First look inside England's new national football centre
"Do we hope St George's Park will help England win the World Cup? The answer is Yes."
The words of David Sheepshanks, chairman of England's new national football centre in the heart of the Staffordshire countryside.
The answer to France's Clairefontaine is officially opened tomorrow by the Duke and Duchess of Cambridge.
Roy Hodgson's squad – minus John Terry – will train there this week ahead of the World Cup qualifier against San Marino at Wembley on Friday.
The 330-acre, £105 million centre, in Rangemore just outside Burton-Upon-Trent, has started hosting coaching courses for youngsters and aims to change the culture of English football, to address the woeful lack of possession and consistent passing.
The England Rugby Union under-21 team has also trained there as financial sustainability is key. St George's Park is being driven by a business plan and is expected to make profits within two years of opening. Accessibility is also a key criteria.
Mr Sheepshanks said: "The facilities are open to the public, obviously they have to pay but it's about accessibility and aspiration. We have to deliver a sustainable business plan."
Two hotels, one four-star and the other three, offer comfort for the England squad.
A room with pictures of England players past and present, set against the backdrop of England's training complex will help manager Roy Hodgson feel at home straight away.
Hotel suites named after Tony Adams, Kevin Keegan and Sir Bobby Charlton feature and players can train on state-of-the-art gym equipment and look out on a Wembley replica pitch. Inspirational quotes from sportsmen past and present colour the walls.
Near the area where England Press conferences will be held, a bar with pictures of former Three Lions stars John Barnes, David Beckham and Rio Ferdinand will welcome coaches and youngsters.
Next door to that sits the England team dining facilities, complete with plasma screen TVs. Changing rooms will shift between displaying England shirts but also being adaptable should European teams want to use the facilities – something the FA are open to.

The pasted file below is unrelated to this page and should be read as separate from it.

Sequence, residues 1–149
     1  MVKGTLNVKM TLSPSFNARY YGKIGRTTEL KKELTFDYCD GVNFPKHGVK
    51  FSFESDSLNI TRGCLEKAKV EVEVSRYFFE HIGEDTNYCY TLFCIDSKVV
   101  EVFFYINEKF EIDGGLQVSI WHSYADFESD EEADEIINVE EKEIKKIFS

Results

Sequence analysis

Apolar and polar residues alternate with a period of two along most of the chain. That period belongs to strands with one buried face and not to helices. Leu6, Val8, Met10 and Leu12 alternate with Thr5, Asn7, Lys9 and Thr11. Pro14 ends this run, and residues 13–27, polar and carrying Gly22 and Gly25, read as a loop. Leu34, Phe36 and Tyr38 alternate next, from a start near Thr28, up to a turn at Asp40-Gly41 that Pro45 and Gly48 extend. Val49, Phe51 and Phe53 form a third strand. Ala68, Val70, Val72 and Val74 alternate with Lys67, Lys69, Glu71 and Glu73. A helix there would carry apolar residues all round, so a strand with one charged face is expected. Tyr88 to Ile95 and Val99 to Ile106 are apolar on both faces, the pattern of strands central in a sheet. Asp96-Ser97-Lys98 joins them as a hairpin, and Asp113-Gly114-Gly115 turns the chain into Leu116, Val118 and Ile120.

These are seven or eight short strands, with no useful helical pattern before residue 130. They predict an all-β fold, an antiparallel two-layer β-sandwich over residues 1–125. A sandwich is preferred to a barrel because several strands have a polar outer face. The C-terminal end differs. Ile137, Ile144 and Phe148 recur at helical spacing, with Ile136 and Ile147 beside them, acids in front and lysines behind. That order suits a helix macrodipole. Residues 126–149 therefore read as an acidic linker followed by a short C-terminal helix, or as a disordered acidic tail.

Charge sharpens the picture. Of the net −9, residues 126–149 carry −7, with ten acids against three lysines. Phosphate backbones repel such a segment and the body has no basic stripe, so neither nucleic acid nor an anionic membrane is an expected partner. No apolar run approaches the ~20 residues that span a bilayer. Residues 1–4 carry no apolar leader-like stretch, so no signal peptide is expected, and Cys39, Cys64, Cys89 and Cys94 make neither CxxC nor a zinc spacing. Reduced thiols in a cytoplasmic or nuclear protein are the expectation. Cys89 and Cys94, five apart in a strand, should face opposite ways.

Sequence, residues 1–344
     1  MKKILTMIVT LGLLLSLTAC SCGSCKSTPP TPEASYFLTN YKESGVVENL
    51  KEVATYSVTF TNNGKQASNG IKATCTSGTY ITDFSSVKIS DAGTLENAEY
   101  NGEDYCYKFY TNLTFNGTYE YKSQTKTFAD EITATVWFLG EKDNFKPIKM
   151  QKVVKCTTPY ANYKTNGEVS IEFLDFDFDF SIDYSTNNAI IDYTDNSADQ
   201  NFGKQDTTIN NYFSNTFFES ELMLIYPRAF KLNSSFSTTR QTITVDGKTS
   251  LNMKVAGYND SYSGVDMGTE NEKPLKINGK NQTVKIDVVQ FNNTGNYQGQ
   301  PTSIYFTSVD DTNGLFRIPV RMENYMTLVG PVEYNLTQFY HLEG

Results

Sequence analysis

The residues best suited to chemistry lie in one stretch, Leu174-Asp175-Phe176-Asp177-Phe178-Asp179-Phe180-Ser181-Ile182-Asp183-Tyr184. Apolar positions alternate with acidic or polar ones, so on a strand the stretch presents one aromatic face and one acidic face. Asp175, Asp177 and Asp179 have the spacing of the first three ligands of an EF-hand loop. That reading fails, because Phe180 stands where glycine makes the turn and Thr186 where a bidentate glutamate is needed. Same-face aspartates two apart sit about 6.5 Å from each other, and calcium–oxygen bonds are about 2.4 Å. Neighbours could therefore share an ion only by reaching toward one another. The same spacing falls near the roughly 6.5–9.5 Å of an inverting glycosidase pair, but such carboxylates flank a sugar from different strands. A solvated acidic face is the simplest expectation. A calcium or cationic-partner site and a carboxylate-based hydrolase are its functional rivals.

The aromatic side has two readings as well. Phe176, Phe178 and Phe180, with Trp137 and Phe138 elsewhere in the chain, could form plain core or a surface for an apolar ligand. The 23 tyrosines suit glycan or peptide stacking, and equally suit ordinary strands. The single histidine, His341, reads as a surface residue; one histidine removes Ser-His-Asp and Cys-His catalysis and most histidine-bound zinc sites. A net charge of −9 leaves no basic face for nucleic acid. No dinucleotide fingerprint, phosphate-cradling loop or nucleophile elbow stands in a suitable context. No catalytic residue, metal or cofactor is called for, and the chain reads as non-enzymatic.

"This place is intended to inspire England teams" said Mr Sheepshanks. "It's a long-term play by the FA. Although we do not call this an academy to all intents and purposes it is. If you invest in teachers, you will ultimately get better players.
"The benefits of a permanent international training home will be felt over the next few years. Do we hope St George's Park will help England win the World Cup? The answer is Yes.
"The aim is to use it to create the Oxford and Cambridge of coaching. The solution to every England ill is long-term. In a few years time one of measures of how successful St George's Park has been will be if it is recognised as the best place to be a coach."
A topic the FA still seem sore on though is the issue of foreign managers. Will improved coaching facilities change this?
"There will be more English trained managers working abroad. Maybe the days of appointing a foreign manager for England are over.
"The FA has stood behind this project at a difficult financial time." Indeed it has. The centre also boasts the latest hydrotherapy units, 12 full-size pitches, a sports hall and lecture rooms. And of course the exact size replica of the Wembley pitch.
It will also see 23 national sides ranging from under-21s and under-18s right the way through to the women's team, C team, deaf team and futsal side train there.
Thousands of coaching courses every year from Level 3 upwards will be held over the next decade.
Will it be worth it? The FA hopes so.
It wants to have 250,000 fully-qualified football coaches by 2018. At the moment, there are just 103,000. A long way to go.
By Richard Woodall
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